Oral Communication and Listening Abilities: The ability to speak clearly and persuasively is another skill that is essential to success in law school and the practice of law. Lawyers also must have excellent listening skills if they are to understand their clients and others with whom they must interact daily. As with writing skills, legal education provides excellent opportunities for refining oral communication skills and particularly for practicing the forms and techniques of oral expression that are most common in the practice of law. Before coming to law school, however, individuals should seek to develop their basic speaking and listening skills, such as by engaging in debate, making formal presentations in class, or speaking before groups in school, the community, or the workplace.
General Research Skills: Although there are many research sources and techniques that are specific to the law, an individual need not have developed any familiarity with these specific skills or materials before entering law school. However, the individual who comes to law school without ever having undertaken a project that requires significant library research and the analysis of large amounts of information obtained from that research will be at a severe disadvantage. Those wishing to prepare for legal education should select courses and seek experiences that will require them to plan a research strategy, to undertake substantial library research, and to analyze, organize and present a reasonably large amount of material. A basic ability to use a personal computer is also increasingly important for law students, both for word processing and for computerized legal research.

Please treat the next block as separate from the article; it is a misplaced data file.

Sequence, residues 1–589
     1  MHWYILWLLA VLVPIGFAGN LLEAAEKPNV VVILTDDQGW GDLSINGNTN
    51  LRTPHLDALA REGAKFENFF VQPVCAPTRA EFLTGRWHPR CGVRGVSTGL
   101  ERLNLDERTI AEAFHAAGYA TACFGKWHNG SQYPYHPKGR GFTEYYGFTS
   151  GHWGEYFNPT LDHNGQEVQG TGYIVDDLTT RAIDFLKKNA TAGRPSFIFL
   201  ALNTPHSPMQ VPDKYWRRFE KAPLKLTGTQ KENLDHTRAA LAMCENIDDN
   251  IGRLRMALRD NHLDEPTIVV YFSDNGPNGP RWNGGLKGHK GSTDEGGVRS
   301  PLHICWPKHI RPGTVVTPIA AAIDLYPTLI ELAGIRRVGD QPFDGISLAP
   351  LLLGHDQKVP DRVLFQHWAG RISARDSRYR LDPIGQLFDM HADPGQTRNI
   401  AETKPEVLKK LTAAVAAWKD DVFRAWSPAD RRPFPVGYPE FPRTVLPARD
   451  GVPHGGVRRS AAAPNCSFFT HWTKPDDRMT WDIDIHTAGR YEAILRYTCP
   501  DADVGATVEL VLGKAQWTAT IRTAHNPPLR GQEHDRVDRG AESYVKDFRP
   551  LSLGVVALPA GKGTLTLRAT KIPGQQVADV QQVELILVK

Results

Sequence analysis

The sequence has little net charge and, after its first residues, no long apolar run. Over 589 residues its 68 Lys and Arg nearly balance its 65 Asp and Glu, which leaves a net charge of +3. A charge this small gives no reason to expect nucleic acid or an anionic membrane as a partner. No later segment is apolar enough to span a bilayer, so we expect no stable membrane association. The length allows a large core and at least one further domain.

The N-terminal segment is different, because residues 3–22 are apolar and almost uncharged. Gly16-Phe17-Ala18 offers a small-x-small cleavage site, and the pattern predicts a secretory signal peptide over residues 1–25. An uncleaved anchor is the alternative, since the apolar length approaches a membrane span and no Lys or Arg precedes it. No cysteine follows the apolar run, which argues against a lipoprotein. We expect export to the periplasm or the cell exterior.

Task Organization and Management Skills: The study and practice of law require the ability to organize large amounts of information, to identify objectives, and to create a structure for applying that information in an efficient way in order to achieve desired results.
Many law school courses, for example, are graded primarily on the basis of one examination at the end of the course, and many projects in the practice of law require the compilation of large amounts of information from a wide variety of sources, frequently over relatively brief periods of time. Those entering law school must be prepared to organize and assimilate large amounts of information in a manner that facilitates the recall and application of that information in an effective and efficient manner. Some of the requisite experience can be obtained through undertaking school projects that require substantial research and writing, or through the preparation of major reports for an employer, a school, or a civic organization.
The Values of Serving Others and Promoting Justice: Each member of the legal profession should be dedicated both to the objectives of serving others honestly, competently, and responsibly, and to the goals of improving fairness and the quality of justice in the legal system. Those thinking of entering this profession would be well served by having some significant experience, before coming to law school, in which they devoted substantial effort toward assisting others. Participation in public service projects or similar efforts at achieving objectives established for common purposes can be particularly helpful.